A Viewer's Guide to Weekend Movies: What's Your Age Again?

Parents and their kids have a clear option this week, as do edgy teens. If neither wide-release film strikes your fancy, and you don't happen to live in NYC or LA, there's plenty of good stuff on demand and streaming this weekend. 

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Parents and their kids have a clear option this week, as do edgy teens. If neither wide-release film strikes your fancy, and you don't happen to live in NYC or LA, there's plenty of good stuff on demand and streaming this weekend. Everybody's covered.

In Theaters

What you'll want to see this weekend will likely depend on your age. Are you under the age of 12 or over the age of 50? Then this week's choice appears to be Mr. Peabody & Sherman, the new film from DreamWorks Animation, because you're either a kid, the parent of a kid, or an adult looking for some simple childhood nostalgia. A remake of the classic animated Peabody's Improbable History shorts that aired in the 1950s and '60s, the film updates the boy/dog/time-traveling humor for a more modern sensibility. Which means, of course, that it takes something like this and adds more poop jokes. Ty Burrell voices the title canine, and Mr. Peabody & Sherman sports a fairly solid supporting cast: Stephen Colbert, Allison Janney, Dennis Haysbert, and Leslie Mann all lend their voices to the film. Somewhat surprisingly, the film is actually pulling a 75 percent rating on Rotten Tomatoes, with Variety's Guy Lodge describing it as "swift, peppy and defiantly unendearing." The positive reviews are despite what The Wire's own David Sims calls "the irritating ad campaign and depressingly formulaic trailer." As Sims points out, this isn't the first time Hollywood has tried to update classic cartoons, and it probably won't be the last.

If Mr. Peabody & Sherman leaves you unenthused, because you're a teenager and thus "over" animated kids movies, the other option opening wide in theaters this weekend is 300: Rise of an Empire. Not only is this the long-awaited and fervently-demanded sequel (...right?) to the original 300, but we get another Frank Miller film adaptation! It looks the same as the first movie, with more Greek-on-Persian action, but there's no Gerard Butler this time. Instead, the biggest name appears to be ... Eva Green, I guess? Sullivan Stapleton plays the lead character of Themistokles, who you might remember from his small part in Gangster Squad, despite your best efforts to forget that movie exists. 300 Two has critics fairly mixed, but it's sitting at 41 percent on Rotten Tomatoes. It's exactly what it looks like: mindless computer-enhanced sword-fighting action, perfect for a good veg out. And it's a movie with a little something for everyone. Our personal favorite review comes from Associated Press' Jake Coyle, who wrote, "It's as if Douglas Sirk made a combat video game." Exactly how many people seeing 300: Rise of an Empire in theaters this weekend will know who Douglas Sirk is?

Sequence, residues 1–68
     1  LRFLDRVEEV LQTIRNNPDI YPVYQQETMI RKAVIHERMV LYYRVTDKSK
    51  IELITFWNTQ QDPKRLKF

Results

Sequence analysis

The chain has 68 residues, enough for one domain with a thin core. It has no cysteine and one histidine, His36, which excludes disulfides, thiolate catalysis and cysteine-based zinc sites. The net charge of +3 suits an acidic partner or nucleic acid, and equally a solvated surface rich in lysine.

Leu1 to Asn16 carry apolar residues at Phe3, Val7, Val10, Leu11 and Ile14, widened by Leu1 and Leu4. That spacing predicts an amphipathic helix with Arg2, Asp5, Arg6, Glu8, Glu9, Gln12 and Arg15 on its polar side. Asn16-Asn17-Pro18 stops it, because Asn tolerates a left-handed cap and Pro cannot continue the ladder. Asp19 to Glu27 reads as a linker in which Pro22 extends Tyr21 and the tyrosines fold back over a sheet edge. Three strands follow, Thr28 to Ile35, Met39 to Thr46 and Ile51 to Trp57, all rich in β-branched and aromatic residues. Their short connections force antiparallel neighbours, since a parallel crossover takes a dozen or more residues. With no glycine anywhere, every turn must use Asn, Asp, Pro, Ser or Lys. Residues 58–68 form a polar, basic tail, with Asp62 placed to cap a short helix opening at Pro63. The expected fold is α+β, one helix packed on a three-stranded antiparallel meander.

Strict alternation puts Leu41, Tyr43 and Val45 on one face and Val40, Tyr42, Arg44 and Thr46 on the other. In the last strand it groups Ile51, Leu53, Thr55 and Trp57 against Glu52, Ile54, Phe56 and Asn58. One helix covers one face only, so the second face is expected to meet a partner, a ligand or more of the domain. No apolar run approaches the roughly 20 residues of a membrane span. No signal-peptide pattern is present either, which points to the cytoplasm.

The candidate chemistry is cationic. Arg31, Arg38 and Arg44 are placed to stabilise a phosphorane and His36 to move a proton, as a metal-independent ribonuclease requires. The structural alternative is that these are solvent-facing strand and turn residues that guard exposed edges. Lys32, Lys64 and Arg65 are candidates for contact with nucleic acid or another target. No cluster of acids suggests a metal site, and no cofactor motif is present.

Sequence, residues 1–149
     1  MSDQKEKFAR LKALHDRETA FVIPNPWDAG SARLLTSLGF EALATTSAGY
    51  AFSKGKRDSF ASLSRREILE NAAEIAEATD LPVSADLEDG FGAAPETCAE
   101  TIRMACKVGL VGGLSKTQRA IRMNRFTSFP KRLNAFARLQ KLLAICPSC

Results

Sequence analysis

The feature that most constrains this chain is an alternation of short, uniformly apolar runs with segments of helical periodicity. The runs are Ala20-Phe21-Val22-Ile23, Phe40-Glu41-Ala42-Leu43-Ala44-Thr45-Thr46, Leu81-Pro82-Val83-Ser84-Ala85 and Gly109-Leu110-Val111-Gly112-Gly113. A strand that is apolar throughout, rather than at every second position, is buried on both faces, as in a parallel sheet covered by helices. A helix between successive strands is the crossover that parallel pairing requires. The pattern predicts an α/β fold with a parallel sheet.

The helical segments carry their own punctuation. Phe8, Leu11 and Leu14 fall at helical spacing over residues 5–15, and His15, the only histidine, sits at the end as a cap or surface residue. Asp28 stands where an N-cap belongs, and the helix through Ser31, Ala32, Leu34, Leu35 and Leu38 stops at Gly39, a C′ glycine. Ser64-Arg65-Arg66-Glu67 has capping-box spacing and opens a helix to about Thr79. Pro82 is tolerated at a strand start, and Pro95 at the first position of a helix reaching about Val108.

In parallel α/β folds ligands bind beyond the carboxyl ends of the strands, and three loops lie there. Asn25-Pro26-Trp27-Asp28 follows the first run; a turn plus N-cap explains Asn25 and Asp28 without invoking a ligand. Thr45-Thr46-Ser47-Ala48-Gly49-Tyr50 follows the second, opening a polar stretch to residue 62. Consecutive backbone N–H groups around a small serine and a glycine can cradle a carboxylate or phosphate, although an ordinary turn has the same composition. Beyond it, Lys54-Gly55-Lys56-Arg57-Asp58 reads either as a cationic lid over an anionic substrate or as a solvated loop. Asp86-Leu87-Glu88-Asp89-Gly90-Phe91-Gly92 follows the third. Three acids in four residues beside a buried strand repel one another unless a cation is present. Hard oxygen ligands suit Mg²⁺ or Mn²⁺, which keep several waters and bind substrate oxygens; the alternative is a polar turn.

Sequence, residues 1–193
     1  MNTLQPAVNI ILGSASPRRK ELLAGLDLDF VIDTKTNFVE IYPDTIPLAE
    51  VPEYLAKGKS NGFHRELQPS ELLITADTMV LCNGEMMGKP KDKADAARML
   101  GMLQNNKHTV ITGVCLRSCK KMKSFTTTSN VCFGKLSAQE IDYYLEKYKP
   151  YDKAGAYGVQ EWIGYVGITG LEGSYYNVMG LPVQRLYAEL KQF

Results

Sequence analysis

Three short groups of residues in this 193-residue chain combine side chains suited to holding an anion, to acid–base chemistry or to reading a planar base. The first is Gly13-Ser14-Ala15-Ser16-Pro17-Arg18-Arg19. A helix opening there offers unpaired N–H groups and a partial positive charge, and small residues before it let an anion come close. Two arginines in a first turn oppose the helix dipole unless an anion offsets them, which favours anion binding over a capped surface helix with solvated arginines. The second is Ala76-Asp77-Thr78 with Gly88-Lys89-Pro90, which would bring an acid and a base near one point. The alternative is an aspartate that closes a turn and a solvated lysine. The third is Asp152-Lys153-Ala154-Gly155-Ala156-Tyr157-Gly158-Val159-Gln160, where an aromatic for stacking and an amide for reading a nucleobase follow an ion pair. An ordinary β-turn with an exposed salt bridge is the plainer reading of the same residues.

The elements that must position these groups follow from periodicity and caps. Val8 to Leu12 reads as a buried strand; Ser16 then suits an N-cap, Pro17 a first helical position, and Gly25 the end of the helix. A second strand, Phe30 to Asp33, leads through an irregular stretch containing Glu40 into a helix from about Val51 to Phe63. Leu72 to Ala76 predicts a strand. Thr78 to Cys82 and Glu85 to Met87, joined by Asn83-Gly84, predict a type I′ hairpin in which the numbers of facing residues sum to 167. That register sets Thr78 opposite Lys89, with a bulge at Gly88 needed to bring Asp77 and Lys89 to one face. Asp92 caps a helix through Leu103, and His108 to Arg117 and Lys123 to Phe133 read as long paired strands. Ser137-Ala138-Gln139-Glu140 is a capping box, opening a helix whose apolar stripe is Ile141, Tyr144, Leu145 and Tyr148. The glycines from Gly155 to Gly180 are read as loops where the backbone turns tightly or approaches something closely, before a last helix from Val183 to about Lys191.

In Limited Release

If you're lucky enough to live in New York City or Los Angeles, then you only have one choice this weekend: The Grand Budapest Hotel. It's being hailed as "the platonic ideal of a Wes Anderson movie" and whether that sounds like the best or worst thing to you, Anderson movies are always at least worth seeing. If nothing else, at least go to appreciate Tony Revolori's mustache-drawing skills. Unfortunately, TGBH is only playing in four theaters in two cities this weekend, so you might have to wait for next weekend, when it opens wider.

Videos On Demand

Headlining On Demand this weekend is none other than 2013 box office champ The Hunger Games: Catching Fire. If you're one of the few people on planet Earth to have missed the film in theaters, then now is your chance to catch up. Or you know, just watch it again. Also up this weekend are a couple of Oscar nominees, now that all the statues have been handed out: Gravity, which won for Best Director, and Nebraska, which scored acting nominations for Bruce Dern and June Squibb but failed to win. And then there's the unnecessary and soulless American remake of Old Boy, starring Josh Brolin, if you're  into that sort of thing.

Streaming Online

We have quite a few truly great movies new to streaming on Netflix this weekend. There is Capote, the film the late Philip Seymour Hoffman won his Oscar for; Blue is the Warmest Color, of which The Wire is an admitted fan; '80s classic Dirty Dancing (skip the latest remake); Stanley Kubrick's near-perfect Dr. Strangelove (watch it so you can finally get all those "this is the war room" jokes); and The Silence of the Lambs, which would make for fitting pre-True Detective finale viewing. Seriously, that's a stacked lineup.

Movies on TV

If you're relying on television this weekend, things are looking a little rough. Premiering on HBO is Snitch on Saturday at 8 p.m. What you need to know: it's a movie about Dwayne "The Rock" Johnson going undercover with a drug cartel to exonerate his son of false charges. That's either your thing, or isn't. Not a lot of middle ground with this one. The exact opposite of Snitch is playing on Showtime Saturday night at 9: Quartet, starring Maggie Smith at a "home for retired musicians." Like I said, not Snitch. Following that is Lawless, one of the last movies Shia LaBeouf did before he, well, you know.

This article is from the archive of our partner The Wire.